Fundamental changes are being considered to Medicaid, which is the key component of the nation’s health care safety net. Members of Congress and President Obama have begun working toward an agreement to raise the nation’s debt limit, but time is running out before the limit is reached and the federal government begins defaulting on its financial obligations. Republicans in the House of Representatives are demanding deep longterm spending cuts as a precondition for approving a debt limit increase.

The budget proposal the House approved for Fiscal Year 2012 (H.Con. Res. 34) would end Medicare as it is known today. When individuals reach eligibility, they would be given a voucher with which to buy their own insurance in the private health care market. The size of the voucher would not keep pace with health care cost inflation, and beneficiaries’ out-of-pocket costs would almost double. This fundamental change in the Medicare program has become one of the more well-known — and unpopular — aspects of the Housepassed budget proposal, but similar changes are being discussed for the Medicaid program.

Medicaid was established at the same time as Medicare, in 1965. While Medicare covers 39 million people age 65 and older, plus another 8 million adults with permanent disabilities, Medicaid covers roughly 30 million children, 14 million low-income parents and adults, and another 14 million older adults and individuals with disabilities who need assistance covering their Medicare out-ofpocket costs.

The House budget resolution (aka the “Ryan Budget,” named for its author and House Budget Committee Chair Paul Ryan of Wisconsin) would cut Medicaid spending by $750 billion over 10 years and turn it into a block grant program. Beginning in 2013, states would receive a fixed contribution from the federal government, based on population growth and the consumer price index, to operate their Medicaid programs. According to the Congressional Budget Office, Medicaid would be cut in half by 2030 under this proposal.

In part because of its drastic effect on the viability of the Medicaid program, the Senate rejected the House-passed budget by a 57-40 vote on May 25. Nevertheless, policymakers are still attempting to make deep cuts in spending, and if defense and Medicare spending are kept off the chopping block, Medicaid may be at risk. Another proposal that threatens Medicaid is the idea of capping federal spending at a certain percentage of gross domestic product. Sen. Jay Rockefeller (D-W.Va.), a leading champion for Medicaid, considers this proposal as dangerous as turning Medicaid into a block grant because the spending cap would not take into account trends such as the aging of the population or health care cost increases.

Medicaid is the largest source of funding for mental health services, but because mental health and substance abuse services are classified as “optional,” states likely would be forced to cut these services under any significant reductions in federal support.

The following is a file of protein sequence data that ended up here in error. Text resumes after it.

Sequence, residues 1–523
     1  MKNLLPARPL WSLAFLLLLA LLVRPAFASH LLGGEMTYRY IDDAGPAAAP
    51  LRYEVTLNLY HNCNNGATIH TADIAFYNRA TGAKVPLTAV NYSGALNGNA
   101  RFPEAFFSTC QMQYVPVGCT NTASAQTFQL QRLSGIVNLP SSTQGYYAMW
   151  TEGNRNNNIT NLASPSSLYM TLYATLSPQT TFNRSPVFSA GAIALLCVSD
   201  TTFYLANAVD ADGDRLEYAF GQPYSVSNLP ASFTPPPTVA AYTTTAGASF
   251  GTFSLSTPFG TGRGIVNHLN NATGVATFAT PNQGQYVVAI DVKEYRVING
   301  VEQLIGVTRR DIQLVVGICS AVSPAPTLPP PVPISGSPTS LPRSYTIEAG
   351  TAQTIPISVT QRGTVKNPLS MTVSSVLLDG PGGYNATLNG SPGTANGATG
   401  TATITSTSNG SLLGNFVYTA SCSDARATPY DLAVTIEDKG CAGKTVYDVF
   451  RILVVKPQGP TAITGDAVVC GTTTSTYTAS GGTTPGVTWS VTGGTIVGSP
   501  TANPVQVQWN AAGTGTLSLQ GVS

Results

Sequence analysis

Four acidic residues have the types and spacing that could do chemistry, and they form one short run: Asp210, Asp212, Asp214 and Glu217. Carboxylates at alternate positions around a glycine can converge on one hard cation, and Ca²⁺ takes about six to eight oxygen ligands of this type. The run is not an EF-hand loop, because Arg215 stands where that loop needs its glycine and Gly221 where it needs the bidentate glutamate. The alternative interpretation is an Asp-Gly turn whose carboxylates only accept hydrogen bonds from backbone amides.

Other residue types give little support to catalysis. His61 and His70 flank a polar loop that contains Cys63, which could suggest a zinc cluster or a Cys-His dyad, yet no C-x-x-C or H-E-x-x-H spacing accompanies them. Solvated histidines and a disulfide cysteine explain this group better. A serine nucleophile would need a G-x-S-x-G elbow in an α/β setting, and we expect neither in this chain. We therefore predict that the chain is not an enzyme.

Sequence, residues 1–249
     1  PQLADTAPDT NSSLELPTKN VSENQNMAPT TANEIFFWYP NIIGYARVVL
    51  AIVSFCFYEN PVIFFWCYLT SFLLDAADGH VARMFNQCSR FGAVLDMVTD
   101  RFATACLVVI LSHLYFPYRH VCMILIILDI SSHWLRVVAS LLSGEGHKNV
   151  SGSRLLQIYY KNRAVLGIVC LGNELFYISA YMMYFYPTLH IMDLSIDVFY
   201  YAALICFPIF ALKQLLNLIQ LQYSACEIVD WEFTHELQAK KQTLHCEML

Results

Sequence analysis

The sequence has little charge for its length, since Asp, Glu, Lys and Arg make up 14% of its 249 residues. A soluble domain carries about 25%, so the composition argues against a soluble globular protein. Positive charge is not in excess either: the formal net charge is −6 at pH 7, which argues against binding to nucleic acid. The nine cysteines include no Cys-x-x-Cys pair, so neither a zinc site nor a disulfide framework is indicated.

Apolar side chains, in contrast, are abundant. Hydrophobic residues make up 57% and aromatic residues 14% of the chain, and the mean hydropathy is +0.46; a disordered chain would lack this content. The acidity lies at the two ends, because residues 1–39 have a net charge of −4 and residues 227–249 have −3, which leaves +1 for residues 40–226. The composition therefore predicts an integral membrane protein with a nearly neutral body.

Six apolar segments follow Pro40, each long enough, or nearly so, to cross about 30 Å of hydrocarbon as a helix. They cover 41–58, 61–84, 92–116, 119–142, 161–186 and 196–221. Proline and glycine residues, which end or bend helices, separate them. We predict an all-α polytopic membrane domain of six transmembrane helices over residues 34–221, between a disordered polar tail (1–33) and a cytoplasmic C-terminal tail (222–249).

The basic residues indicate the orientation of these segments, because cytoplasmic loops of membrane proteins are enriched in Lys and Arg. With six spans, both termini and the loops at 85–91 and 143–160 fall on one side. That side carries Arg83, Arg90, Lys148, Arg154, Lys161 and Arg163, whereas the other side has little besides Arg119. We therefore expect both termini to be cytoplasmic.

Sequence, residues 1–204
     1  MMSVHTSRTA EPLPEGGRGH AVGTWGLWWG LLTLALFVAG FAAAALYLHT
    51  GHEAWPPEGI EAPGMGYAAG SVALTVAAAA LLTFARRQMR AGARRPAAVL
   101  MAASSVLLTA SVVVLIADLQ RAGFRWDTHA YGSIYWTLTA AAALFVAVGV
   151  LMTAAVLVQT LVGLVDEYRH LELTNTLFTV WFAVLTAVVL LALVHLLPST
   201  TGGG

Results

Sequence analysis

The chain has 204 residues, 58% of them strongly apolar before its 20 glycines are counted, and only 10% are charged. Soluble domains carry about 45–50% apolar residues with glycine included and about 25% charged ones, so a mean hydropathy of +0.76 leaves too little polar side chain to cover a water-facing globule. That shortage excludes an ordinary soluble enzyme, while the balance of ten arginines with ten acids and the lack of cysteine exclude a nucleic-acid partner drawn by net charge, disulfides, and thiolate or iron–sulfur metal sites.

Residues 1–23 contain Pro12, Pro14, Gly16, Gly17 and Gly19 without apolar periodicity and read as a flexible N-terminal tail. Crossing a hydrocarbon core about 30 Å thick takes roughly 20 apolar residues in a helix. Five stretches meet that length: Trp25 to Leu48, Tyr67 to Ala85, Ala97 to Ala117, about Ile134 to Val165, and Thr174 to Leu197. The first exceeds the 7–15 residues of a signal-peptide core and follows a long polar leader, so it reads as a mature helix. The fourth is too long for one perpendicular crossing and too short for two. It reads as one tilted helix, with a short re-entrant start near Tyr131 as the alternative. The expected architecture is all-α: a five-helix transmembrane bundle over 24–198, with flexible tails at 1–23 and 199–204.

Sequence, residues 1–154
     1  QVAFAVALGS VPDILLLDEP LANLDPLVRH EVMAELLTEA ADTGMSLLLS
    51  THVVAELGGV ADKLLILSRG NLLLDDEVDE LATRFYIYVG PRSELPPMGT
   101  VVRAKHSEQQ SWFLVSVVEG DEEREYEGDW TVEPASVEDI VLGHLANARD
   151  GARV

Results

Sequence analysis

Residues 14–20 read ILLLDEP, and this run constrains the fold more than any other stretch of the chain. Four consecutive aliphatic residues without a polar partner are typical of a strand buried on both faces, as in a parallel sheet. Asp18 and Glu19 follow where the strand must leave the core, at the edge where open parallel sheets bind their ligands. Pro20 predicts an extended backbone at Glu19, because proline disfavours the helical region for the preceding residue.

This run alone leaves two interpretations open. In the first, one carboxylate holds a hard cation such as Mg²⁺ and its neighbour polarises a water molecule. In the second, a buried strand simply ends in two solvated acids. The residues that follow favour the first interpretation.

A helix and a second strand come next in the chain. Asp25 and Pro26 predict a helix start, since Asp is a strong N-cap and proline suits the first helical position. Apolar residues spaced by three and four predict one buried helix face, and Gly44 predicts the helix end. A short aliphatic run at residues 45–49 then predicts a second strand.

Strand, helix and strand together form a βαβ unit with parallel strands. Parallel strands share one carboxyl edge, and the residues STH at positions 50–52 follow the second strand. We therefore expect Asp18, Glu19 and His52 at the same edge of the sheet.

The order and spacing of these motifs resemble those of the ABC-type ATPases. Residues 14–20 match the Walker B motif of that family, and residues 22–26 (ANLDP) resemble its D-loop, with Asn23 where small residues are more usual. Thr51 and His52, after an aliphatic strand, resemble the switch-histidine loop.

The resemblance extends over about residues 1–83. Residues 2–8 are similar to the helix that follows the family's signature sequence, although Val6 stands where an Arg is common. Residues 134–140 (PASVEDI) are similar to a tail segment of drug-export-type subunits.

House education panel votes to end counseling program

Two bills demonstrate the diverging views of education reform among House members. On May 25, the House Committee on Education and the Workforce approved H.R. 1891, the Setting New Priorities in Education Spending Act, by a party-line vote of 23- 16. The goal of the legislation is “to repeal ineffective or unnecessary education programs in order to restore the focus of Federal programs on quality elementary and secondary education programs for disadvantaged students.” Sadly, among roughly 40 programs labeled “ineffective or unnecessary,” the legislation would get rid of the Elementary and Secondary School Counseling Program (ESSCP), the High School Graduation Initiative and the Arts in Education program. Rather than simply not funding the programs, H.R. 1891 would erase them from federal statute.

During consideration of the bill, Rep. Dave Loebsack (D-Iowa) offered an amendment to maintain school counseling services by expanding access to qualified school counselors and other qualified providers, supporting collaborative efforts between schoolbased service systems and mental health services systems, and supporting drug abuse and violence prevention programs. Unfortunately, Loebsack’s amendment was defeated by a party-line vote of 23-16.

The same day that H.R. 1891 was approved by committee, Loebsack introduced the Reducing Barriers to Learning Act of 2011 (H.R. 1995), which would establish an Office of Specialized Instructional Support within the U.S. Department of Education. The legislation would also authorize a competitive matching grant program for states to use in establishing and expanding specialized instructional support programs and services to address barriers to learning as well as to hire and support school counselors and other specialized instructional support personnel. The American Counseling Association applauds Loebsack for his work in championing school counseling services.

Counselors are encouraged to ask their representatives to cosponsor both H.R. 1995 and H.R. 667 (the Put School Counselors Where They’re Needed Act), while opposing H.R. 1891 and its elimination of ESSCP. School counseling services are often first on the chopping block when state and local governments run into budget problems. Congress’ work on reauthorizing federal education programs has just begun, and with grassroots support, we can maintain funding for school counseling services